The Ninth Circuit reverted to 11-judge en banc panels at the beginning of this month after a brief experiment with 15-judge panels. This short article at Law.com provides some limited background on the move, including comment from one circuit judge:
“It was pretty unanimous that we were not gaining anything by going from 11 to 15 judges,” said 9th Circuit Judge Diarmuid O’Scannlain, who is based in Portland, Ore. O’Scannlain, an appointee of President Ronald Reagan, said, “I would have preferred to wait until the two years were up because that is what we notified the bar we would do.”
The Ninth Circuit is the only circuit that does not have every judge sit on every en banc panel. This has been one of the size-related criticisms leveled against it. The Ninth Circuit’s unique en banc procedure has been defended by judges from the circuit in testimony to Congress, including Judge Thomas and Judge Kozinski, each in his capacity as the en banc coordinator for the court.
Judge Thomas’s testimony in 2005 included his view that the 15-judge panels would “ameliorate” the concern that the use of only 11 judges on en banc panels results in a decision by less than a majority of the court’s judges.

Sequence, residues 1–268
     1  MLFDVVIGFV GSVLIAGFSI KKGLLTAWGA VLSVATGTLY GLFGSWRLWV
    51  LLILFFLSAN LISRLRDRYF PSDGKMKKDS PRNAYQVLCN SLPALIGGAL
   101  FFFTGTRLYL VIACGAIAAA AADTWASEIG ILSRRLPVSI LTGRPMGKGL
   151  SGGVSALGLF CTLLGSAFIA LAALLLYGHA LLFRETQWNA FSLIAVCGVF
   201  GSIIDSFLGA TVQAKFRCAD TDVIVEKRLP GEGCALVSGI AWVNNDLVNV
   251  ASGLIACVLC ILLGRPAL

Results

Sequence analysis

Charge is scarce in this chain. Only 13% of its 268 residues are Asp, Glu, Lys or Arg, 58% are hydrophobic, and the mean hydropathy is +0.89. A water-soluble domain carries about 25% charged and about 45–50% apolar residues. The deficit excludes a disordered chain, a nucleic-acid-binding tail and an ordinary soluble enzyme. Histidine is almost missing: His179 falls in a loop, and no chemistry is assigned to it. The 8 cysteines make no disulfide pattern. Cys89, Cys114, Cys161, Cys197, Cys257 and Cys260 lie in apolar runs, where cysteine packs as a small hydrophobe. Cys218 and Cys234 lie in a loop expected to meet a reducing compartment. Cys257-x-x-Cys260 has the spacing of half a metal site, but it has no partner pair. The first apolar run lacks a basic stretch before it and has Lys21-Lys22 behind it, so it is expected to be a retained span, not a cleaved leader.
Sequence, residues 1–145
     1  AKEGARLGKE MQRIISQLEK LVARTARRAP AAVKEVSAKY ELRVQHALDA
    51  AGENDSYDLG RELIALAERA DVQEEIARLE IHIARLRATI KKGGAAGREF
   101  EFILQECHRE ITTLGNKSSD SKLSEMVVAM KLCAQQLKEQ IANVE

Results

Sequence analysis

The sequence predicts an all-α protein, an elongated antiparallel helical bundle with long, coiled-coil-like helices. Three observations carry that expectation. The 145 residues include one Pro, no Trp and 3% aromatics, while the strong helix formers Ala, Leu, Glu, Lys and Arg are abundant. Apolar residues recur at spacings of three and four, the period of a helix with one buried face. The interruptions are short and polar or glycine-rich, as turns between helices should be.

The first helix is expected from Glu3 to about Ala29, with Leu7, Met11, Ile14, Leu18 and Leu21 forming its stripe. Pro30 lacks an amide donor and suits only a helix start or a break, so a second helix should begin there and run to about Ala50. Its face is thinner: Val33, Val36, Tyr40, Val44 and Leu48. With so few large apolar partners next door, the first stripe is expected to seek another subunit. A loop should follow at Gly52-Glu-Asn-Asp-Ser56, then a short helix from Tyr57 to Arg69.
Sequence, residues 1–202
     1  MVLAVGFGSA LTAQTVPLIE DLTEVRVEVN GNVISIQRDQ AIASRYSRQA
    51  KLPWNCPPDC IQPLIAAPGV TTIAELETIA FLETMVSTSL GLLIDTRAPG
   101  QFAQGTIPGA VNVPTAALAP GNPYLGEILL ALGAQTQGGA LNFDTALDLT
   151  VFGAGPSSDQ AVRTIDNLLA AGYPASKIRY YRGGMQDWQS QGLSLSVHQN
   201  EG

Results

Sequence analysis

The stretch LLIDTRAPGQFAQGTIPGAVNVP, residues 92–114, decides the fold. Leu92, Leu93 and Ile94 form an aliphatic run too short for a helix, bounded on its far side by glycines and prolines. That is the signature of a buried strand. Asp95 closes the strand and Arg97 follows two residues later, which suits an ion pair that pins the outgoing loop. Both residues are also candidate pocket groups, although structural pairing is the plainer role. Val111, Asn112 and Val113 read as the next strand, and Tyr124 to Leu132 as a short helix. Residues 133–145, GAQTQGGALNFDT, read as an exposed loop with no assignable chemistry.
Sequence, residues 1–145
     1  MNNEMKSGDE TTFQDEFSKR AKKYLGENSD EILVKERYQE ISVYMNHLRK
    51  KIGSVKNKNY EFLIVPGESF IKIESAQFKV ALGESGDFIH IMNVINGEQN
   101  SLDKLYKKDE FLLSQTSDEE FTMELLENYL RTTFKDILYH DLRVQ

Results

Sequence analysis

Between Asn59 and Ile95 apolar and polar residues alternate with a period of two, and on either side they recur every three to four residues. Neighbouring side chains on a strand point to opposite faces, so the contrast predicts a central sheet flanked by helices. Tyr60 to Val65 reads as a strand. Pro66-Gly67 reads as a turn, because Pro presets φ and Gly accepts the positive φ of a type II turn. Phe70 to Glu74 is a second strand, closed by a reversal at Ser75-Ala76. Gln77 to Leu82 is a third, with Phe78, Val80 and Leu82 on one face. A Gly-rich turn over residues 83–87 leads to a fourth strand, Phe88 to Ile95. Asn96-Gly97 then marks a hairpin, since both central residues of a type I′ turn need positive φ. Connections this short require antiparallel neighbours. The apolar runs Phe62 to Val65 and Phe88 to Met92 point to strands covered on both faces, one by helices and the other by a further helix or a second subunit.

Long before the court adopted the 15-judge panel, Judge Kozinski’s statement in 2003 claimed that the large size of the court was a benefit to en banc review because even though not all judges sit on the en banc panel, “[t]he fact that a large number of judges look at a decision to decide whether it should be taken en banc means that cases get a much more thorough review in a large circuit.”
As this testimony demonstrates, the debate over the size of the Ninth Circuit court has been going on for years. And if this recent spike in blog posts about the size of the court is any indication, the debate isn’t going to end any time soon.